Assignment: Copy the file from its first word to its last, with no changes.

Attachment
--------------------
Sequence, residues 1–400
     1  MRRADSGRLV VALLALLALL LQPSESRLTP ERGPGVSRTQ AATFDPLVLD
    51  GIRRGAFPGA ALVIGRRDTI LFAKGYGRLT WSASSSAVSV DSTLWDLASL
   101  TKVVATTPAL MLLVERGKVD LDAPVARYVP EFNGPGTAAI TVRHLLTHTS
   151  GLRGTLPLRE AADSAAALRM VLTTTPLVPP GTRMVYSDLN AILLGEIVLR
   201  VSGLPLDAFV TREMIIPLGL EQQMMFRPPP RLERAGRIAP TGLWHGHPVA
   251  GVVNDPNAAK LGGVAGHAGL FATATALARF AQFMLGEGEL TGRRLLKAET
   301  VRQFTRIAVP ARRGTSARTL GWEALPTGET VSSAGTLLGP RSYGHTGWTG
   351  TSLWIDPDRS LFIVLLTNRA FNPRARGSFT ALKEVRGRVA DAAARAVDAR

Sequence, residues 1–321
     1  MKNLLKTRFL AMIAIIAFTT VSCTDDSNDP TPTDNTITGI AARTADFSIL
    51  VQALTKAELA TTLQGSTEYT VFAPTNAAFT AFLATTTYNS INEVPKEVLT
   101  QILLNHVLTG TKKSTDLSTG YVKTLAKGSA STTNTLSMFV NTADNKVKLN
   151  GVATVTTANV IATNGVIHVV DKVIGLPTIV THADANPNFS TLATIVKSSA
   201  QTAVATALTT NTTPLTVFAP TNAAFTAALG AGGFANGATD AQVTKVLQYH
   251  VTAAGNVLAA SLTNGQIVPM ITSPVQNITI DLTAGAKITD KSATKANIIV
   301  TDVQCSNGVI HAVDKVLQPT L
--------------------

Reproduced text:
Sequence, residues 1–400
     1  MRRADSGRLV VALLALLALL LQPSESRLTP ERGPGVSRTQ AATFDPLVLD
    51  GIRRGAFPGA ALVIGRRDTI LFAKGYGRLT WSASSSAVSV DSTLWDLASL
   101  TKVVATTPAL MLLVERGKVD LDAPVARYVP EFNGPGTAAI TVRHLLTHTS
   151  GLRGTLPLRE AADSAAALRM VLTTTPLVPP GTRMVYSDLN AILLGEIVLR
   201  VSGLPLDAFV TREMIIPLGL EQQMMFRPPP RLERAGRIAP TGLWHGHPVA
   251  GVVNDPNAAK LGGVAGHAGL FATATALARF AQFMLGEGEL TGRRLLKAET
   301  VRQFTRIAVP ARRGTSARTL GWEALPTGET VSSAGTLLGP RSYGHTGWTG
   351  TSLWIDPDRS LFIVLLTNRA FNPRARGSFT ALKEVRGRVA DAAARAVDAR

Sequence, residues 1–321
     1  MKNLLKTRFL AMIAIIAFTT VSCTDDSNDP TPTDNTITGI AARTADFSIL
    51  VQALTKAELA TTLQGSTEYT VFAPTNAAFT AFLATTTYNS INEVPKEVLT
   101  QILLNHVLTG TKKSTDLSTG YVKTLAKGSA STTNTLSMFV NTADNKVKLN
   151  GVATVTTANV IATNGVIHVV DKVIGLPTIV THADANPNFS TLATIVKSSA
   201  QTAVATALTT NTTPLTVFAP TNAAFTAALG AGGFANGATD AQVTKVLQYH
   251  VTAAGNVLAA SLTNGQIVPM ITSPVQNITI DLTAGAKITD KSATKANIIV
   301  TDVQCSNGVI HAVDKVLQPT L